lacks most of the features of a normal File Transfer Protocol (FTP) program (it
cannot list directories or authenticate users).
token ring topology
Networking layout in which computers and other devices are connected in a
unidirectional loop or ring. A computer captures a “token” being passed
around the network and waiting for data transmission.
Arrangement of cables and hardware in a network; see bus topology, default
gateway, star (or spanning tree) topology, and token ring topology.
URL (Uniform Resource Locator)
Unique address on the Internet.
USB (Universal Serial Bus)
USB ports connect high-speed peripherals; supports multiport hubs.
UTP (Unshielded Twisted Pair)
The most common kind of copper telephone wiring connecting home and many
business computers to a telephone service.
VPN (Virtual Private Network)
See PPTP (Point-to-Point Tunneling Protocol).
WAN (Wide Area Network)
Communications network that extends over a wide geographic area; sometimes
used to mean the Internet.
WEP (Wired Equivalent Privacy)
A data privacy mechanism based on a 64-bit shared key algorithm, as
described in the IEEE 802.11 standard.
wireless USB network adapter
USB 10
USB cabling 10
USB icon (pictured) 9
USB port 7
features 6
summarized 5
glossary 19
indicators 8
introduction 5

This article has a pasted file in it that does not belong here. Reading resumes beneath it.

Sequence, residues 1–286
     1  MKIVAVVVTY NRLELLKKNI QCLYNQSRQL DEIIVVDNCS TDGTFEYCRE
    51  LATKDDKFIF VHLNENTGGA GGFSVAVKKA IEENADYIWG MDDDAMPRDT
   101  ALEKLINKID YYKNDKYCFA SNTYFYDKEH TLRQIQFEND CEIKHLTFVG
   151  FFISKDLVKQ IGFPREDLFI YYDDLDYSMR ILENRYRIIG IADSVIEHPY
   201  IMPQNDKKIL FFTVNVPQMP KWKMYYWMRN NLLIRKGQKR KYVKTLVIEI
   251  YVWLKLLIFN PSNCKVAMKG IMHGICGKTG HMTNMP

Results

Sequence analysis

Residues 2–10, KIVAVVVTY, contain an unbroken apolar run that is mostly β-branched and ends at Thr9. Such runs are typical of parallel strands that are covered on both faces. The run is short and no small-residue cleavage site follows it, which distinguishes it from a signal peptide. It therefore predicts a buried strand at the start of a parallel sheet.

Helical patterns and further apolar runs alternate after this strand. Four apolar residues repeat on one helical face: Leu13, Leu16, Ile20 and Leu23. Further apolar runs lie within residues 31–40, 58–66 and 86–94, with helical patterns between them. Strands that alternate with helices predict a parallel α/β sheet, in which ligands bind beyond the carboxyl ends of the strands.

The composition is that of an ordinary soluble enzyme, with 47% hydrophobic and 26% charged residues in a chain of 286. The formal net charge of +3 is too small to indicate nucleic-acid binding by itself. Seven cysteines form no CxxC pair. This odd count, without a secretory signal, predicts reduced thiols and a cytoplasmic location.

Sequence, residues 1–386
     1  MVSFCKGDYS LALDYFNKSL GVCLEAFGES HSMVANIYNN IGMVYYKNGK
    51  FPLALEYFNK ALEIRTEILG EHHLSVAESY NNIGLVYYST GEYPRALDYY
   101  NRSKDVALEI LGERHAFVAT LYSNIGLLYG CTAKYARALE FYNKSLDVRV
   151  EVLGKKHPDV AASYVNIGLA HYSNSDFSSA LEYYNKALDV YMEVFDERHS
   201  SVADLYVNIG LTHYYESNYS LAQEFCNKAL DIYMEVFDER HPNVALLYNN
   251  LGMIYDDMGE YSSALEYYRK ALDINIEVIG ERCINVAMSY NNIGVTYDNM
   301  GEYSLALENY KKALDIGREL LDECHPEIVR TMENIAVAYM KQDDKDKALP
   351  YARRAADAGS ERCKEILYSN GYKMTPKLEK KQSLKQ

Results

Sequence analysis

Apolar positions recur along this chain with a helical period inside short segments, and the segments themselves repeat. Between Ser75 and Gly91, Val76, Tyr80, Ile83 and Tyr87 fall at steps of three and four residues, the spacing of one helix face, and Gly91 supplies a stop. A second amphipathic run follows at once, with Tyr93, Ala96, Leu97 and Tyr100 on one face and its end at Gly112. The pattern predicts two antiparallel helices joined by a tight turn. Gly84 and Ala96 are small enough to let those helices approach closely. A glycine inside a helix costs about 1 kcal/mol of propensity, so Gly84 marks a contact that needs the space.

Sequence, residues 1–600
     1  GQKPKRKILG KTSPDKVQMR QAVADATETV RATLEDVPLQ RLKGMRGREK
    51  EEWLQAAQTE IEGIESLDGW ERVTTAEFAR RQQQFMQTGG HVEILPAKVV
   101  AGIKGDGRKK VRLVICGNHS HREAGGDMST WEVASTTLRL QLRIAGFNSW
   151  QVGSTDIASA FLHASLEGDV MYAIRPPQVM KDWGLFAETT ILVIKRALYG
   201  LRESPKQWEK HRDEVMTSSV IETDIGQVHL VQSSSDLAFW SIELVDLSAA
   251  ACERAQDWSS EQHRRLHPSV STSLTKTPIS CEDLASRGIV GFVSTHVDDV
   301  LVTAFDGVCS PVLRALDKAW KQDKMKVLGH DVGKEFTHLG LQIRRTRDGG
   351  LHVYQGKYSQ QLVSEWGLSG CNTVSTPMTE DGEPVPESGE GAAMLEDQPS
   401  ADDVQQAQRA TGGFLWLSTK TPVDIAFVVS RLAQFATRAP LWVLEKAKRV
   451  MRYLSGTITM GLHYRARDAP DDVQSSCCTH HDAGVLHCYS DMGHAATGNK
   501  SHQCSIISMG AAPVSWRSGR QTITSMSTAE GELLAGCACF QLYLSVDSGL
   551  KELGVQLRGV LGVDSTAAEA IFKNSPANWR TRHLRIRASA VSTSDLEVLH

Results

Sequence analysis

LEDs 8
link LED 8
listed 6
network topology 11
port 7
power LED 8
roaming 11
setting up 11
environmental 18
general 17
troubleshooting 15
wireless USB network adapter
regulatory notices
hewlett-packard company
This device complies with part 15 of the FCC Rules. Operation is subject to the following two
This device may not cause harmful interference, and
This device must accept any interference received, including interference that may cause
undesired operation.
Pursuant to Part 15.21 of the FCC Rules, any changes or modifications to this equipment not
expressly approved by Hewlett-Packard Company may cause harmful interference, and void your
authority to operate this equipment. To maintain compliance with FCC Rules and Regulations, use
only cable accessories provided.
For further information, contact:
Hewlett-Packard Company
Manager of Corporate Product Regulations
3000 Hanover Street
Palo Alto, Ca 94304
(650) 857-1501
This equipment has been tested and found to comply with the limits for a Class B digital device,
pursuant to part 15 of the FCC rules. These limits are designed to provide reasonable protection
against harmful interference in a residential installation. This equipment generates, uses, and can
radiate radio frequency energy and, if not installed and used in accordance with the instructions, can
cause harmful interference to radio communications. However, there is no guarantee that interference
will not occur in a particular installation. If this equipment does cause harmful interference to radio or
television reception, which can be determined by turning the equipment off and on, the user is
encouraged to try to correct the interference by one or more of the following measures:
Reorient or relocate the receiving antenna.
Increase the separation between the equipment and the receiver.
Connect the equipment into an outlet on a circuit different from that to which the receiver is
Consult the dealer or an experienced radio/TV technician for help.
wireless USB network adapter